[0053]Stream aware application 401 operates as a client with respect to unifying interface 405. Unifying interface 405 may be software that executes on serving system 403 in order to handle requests by clients for stream related operations. The stream aware application keeps a data structure or uses a convention that identifies the relationship between the entities of the file and the stream. The relationship of a file having an associated stream exists regardless of whether file 418 is stored locally to a stream aware application, or file 418 is stored on a remote system and virtually available to stream aware application 401.

[0054]On the other hand, an application that is not stream aware stores the data structures differently. For example, an application that is not stream aware is third extended file system 411. From the perspective of an application that is not stream aware, a first file or primary file 429 offers storage consistent with stream aware application's file 418. Also from the perspective of an application that is not stream aware, a second file or stream 435 offers storage consistent with the stream aware application's stream. Unlike stream aware application 401, the application that is not stream aware indirectly associates a file with a stream file. In the case of third extended file system 411, the application that is not stream aware uses an intermediary structure, such as inode 431. An inode is a data structure that stores information about a file, directory, or other file system object. By use of an inode, third extended file system 411 associates a file with a second file such that the second file emulates a stream.

[0055]Stream requests can be made from or by stream aware application 401 to a variety of file systems, such as file systems 411, 413, 415, and 417 through serving system 403. A stream request is a request, made by a stream aware application, to a serving system. The stream request is received by a serving system. The serving system performs an operation on at least one stream in response to receiving the stream request, including the operation of creating a stream. The stream may be a file that serves as a stream. The file serves as a stream because the serving system places data into the file that is associated with a second file. The client may store references to both the second file and the file that serves as a stream.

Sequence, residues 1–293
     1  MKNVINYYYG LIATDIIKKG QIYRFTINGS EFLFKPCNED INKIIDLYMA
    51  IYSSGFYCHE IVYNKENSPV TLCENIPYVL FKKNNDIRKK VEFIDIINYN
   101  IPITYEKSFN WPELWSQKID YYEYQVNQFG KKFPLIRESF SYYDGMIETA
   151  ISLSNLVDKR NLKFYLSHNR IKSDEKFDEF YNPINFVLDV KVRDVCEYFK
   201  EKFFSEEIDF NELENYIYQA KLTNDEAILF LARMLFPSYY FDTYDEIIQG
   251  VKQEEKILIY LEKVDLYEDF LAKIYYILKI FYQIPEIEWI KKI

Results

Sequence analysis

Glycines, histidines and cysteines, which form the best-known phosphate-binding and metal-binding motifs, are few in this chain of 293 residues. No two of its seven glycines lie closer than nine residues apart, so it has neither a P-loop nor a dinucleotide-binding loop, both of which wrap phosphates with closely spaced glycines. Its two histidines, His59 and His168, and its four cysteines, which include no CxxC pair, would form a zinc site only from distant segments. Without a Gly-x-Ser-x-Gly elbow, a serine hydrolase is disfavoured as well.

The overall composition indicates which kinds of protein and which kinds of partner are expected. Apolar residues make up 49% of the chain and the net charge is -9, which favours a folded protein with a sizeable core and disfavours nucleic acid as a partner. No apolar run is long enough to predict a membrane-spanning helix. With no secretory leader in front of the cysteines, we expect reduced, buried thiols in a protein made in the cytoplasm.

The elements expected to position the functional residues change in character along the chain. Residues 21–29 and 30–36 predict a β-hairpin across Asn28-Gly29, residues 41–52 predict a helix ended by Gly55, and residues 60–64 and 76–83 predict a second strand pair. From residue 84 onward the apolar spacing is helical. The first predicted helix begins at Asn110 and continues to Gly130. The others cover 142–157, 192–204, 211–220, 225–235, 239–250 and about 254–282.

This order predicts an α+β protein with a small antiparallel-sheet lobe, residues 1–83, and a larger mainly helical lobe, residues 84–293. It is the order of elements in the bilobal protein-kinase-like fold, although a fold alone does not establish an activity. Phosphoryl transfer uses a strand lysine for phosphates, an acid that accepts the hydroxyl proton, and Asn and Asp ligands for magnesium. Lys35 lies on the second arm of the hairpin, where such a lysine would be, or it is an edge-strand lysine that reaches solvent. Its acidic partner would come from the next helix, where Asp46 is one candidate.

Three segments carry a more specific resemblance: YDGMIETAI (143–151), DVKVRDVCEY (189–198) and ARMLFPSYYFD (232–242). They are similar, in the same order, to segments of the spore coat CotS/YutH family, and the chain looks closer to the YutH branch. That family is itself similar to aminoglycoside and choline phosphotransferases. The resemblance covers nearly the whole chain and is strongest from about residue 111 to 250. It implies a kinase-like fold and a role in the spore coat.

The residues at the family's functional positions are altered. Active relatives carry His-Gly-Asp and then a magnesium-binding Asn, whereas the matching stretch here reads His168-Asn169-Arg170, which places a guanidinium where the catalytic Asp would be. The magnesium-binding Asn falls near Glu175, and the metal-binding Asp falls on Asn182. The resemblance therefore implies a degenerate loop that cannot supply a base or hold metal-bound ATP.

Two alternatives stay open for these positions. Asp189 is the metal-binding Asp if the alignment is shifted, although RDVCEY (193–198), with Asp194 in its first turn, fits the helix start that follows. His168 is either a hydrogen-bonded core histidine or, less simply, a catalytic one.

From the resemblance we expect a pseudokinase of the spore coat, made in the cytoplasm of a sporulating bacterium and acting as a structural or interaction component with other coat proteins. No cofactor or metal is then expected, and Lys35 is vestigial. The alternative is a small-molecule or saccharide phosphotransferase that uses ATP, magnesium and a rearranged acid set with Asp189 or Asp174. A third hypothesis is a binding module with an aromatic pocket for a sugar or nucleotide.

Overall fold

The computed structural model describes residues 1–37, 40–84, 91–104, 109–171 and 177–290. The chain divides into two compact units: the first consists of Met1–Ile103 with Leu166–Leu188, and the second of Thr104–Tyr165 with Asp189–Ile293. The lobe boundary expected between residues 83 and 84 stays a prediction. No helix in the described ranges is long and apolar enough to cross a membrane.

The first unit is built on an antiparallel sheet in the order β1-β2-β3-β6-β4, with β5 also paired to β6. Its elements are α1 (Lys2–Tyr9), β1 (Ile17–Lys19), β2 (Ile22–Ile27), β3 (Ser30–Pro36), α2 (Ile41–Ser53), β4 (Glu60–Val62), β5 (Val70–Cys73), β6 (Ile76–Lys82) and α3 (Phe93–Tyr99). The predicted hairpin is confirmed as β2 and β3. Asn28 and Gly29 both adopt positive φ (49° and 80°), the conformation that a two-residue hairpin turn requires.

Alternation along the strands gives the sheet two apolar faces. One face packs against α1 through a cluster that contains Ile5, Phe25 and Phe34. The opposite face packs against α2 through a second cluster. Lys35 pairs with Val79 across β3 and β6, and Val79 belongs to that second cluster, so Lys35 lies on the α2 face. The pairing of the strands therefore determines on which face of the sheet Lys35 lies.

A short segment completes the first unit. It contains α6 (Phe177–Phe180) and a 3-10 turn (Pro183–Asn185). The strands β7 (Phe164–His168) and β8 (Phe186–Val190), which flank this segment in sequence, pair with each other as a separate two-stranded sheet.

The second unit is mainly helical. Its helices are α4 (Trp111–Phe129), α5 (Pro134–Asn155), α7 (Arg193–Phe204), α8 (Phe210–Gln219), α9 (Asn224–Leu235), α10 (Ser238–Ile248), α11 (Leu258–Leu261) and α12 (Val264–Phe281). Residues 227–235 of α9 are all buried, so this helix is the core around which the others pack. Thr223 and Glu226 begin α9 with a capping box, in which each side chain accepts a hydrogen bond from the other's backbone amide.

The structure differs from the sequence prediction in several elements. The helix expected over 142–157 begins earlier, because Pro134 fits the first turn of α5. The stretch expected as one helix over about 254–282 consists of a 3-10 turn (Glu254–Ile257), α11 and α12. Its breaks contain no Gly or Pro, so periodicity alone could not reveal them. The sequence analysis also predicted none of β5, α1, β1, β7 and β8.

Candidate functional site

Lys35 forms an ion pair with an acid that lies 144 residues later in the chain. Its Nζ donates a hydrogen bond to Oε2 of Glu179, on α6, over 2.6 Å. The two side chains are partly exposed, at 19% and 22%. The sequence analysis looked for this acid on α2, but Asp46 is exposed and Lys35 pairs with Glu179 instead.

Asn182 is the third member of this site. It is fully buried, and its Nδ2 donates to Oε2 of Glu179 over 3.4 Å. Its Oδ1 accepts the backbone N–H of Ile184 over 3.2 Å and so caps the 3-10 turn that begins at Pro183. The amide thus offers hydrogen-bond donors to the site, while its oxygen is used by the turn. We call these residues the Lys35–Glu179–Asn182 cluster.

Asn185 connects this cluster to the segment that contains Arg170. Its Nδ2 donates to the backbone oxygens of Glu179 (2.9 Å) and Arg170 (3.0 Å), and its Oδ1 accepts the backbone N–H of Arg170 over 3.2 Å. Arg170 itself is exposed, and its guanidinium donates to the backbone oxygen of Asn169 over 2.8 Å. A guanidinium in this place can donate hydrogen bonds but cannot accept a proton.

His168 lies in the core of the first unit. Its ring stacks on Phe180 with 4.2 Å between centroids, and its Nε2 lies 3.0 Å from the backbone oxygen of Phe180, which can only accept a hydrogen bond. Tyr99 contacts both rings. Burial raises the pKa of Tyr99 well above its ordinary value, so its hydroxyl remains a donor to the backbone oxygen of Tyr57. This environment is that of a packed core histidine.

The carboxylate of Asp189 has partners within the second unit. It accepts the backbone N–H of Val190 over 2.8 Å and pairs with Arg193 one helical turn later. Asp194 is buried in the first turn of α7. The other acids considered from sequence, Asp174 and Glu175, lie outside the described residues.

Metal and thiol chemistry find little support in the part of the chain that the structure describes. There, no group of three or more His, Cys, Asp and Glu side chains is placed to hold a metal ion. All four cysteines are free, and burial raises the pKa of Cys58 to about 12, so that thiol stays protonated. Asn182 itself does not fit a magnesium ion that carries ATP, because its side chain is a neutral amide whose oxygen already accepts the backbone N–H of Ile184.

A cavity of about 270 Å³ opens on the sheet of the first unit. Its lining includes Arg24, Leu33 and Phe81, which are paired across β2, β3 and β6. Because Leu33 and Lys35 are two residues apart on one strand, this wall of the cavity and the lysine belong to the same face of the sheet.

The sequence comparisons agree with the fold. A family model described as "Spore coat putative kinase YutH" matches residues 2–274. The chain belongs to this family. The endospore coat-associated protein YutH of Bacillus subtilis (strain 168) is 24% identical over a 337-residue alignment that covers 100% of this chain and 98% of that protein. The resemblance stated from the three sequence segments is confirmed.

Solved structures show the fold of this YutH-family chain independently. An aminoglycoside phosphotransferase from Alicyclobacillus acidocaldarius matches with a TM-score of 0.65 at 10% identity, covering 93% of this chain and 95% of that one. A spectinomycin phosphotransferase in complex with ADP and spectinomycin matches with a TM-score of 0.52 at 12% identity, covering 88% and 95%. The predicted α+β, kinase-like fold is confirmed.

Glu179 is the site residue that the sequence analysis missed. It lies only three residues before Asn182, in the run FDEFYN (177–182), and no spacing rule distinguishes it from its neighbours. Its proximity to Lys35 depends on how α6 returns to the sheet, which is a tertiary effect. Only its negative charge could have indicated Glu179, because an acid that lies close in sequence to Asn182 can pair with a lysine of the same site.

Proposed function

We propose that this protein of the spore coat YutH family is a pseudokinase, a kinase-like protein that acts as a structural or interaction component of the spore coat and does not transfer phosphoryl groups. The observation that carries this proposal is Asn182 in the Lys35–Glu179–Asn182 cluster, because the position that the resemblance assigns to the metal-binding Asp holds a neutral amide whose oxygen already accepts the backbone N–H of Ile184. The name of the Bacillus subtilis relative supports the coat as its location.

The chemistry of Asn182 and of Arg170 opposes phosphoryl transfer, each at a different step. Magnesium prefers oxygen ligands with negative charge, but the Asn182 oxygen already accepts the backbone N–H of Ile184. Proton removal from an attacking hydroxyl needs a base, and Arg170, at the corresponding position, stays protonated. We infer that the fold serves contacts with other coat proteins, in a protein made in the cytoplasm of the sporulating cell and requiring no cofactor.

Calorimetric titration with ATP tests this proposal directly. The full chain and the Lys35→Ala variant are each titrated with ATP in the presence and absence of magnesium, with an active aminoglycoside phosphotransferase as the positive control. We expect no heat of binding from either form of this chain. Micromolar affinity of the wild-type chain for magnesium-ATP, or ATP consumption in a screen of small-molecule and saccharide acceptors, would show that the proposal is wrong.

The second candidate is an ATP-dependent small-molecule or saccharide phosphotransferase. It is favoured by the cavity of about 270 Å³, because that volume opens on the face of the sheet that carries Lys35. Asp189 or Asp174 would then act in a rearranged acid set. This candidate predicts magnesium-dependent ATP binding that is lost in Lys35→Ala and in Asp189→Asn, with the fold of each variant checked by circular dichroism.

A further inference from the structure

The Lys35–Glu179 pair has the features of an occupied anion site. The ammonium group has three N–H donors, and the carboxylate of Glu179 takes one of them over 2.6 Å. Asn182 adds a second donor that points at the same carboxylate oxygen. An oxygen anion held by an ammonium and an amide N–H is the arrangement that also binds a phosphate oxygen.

[0056]A serving system can respond to stream requests in a number of manners. Serving system 403, which can be data processing system 200 of FIG. 2, may select an appropriate file system of file systems 411, 413, 415, and 417 and forward a stream request to the appropriate file system. Furthermore, serving system 403 accepts a response from the appropriate file system, and returns the response to the client. The client may be stream aware application 401.

[0057]Additionally, serving system hosts unifying interface 405. Unifying interface 405 may delegate execution to software modules for specialized handling, depending on the nature of the file system that the stream request describes.

[0058]FIG. 5 is a block diagram of an alternate referencing mechanism by which varying file systems may emulate a stream in accordance with an illustrative embodiment. FIG. 5 shows stream aware application 561 accessing a file system, such as file systems 511, 513, 515, and 517 via network 565. Stream aware application 561 corresponds to stream aware application 401 of FIG. 4, serving system 567 corresponds to serving system 403 of FIG. 4, and file systems 511, 513, 515, and 517 correspond to file systems 411, 413, 415, and 417 of FIG. 4 and corresponding file system examples 312, 322, 332, and 342 of FIG. 3. Network 565 can be network 102 of FIG. 1.